Are dictionary definitions for words with multiple meanings ordered based on chronology, hierarchy, or frequency of usage? Is/was there a standard format?

  • 1
    Frequency of usage. Just look at the definition/translation of a simple word with a lot of meanings, e.g. "put". Oct 8 '12 at 5:36
  • @SingerOfTheFall How does that confirm that the order is decided by frequency of usage and not by chronology? Oct 8 '12 at 7:59
  • 2
    It's not necessarily frequency of usage. This is simply an arbitrary policy that the dictionary's editors define. Oct 8 '12 at 8:13

It depends on the dictionary. Some, perhaps most, place the most common use of the word first. The Oxford English Dictionary, 'the definitive record of the English language', places its definitions in the order in which each word is first used. That is to say, the earliest known meanings are given first. As the OED itself explains,

While the headword section of an entry provides generic information about a headword, the sense section explains the headword’s meaning or meanings. The sense section consists of one or more definitions, each with its paragraph of illustrative quotations, arranged chronologically.

  • Your answer is an example of my initial thought, which was, check with the introductory materials of the dictionary, which often explain such policies for their specific edition. There's much good material in the dictionary before a- and aardvark. Finding this introductory material online, though, is sometimes elusive.
    – J.R.
    Oct 8 '12 at 19:03
  • I do find that the OED's Help pages are not as user friendly as they might be. Oct 8 '12 at 19:09
  • @J.R. The "Webster's Encyclopedic Unabridged Dictionary of the English Language" that I've managed to get my paws on, begins with etymology, pronunciation, language, and foreign sounds charts followed by an all too brief history of the English language as part of an introduction by some dusty academic. It comes with its own manual of style, but no manual. Oct 11 '12 at 5:57
  • @coleopterist: FWIW, your comment prompted me to check the preface materials in my print dictionaries. In one, I found: "The definition appearing first is the one most frequently used. Successive definitions are listed .. in order of declining frequency of use rather than according to semantic evolution." Another said, "Senses are not arranged historically or by frequency of use. Rather, they are ordered analytically, according to central meaning clusters from which related subsenses and additional separate senses may evolve." Methods vary, I suppose; the challenge is in locating it.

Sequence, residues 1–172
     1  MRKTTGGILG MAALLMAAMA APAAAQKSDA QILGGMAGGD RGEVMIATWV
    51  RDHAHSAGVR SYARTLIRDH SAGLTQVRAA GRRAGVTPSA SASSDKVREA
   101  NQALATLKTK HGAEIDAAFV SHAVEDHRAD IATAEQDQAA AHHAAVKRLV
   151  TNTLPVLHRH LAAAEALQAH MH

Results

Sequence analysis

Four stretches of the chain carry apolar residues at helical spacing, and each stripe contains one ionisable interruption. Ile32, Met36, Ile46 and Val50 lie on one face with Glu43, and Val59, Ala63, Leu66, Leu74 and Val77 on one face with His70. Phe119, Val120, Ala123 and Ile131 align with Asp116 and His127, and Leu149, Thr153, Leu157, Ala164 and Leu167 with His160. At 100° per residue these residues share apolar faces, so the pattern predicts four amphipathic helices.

– J.R.
    Oct 11 '12 at 9:04
  • @J.R. Thanks! That confirms Barrie's point. If you can also provide the names of the dictionaries in question, perhaps Barrie can improve his answer even further by including this additional information. Oct 11 '12 at 14:47

Generally words in dictionary definitions are ranked in order of commonality of use or "usualness of meaning".

For a word with a large number of meanings, the top few definitions may be of similar likeliness of meaning in common use, but definitions towards the bottom of the list will be ones which are rarely used and/or whose meanings are obscure or archaic.

A look through a number of dictionaries will show that there are certainly exceptions to this "rule", usually with less common meanings being out of 'order', although this may be a matter of the personal perceptions of the compiler.


Just a small addendum to the discussion: Merriam-Webster dictionaries and Dictionary.com use historical ordering of definitions. From M-W: "The order of senses within an entry is historical: the sense known to have been first used in English is entered first."

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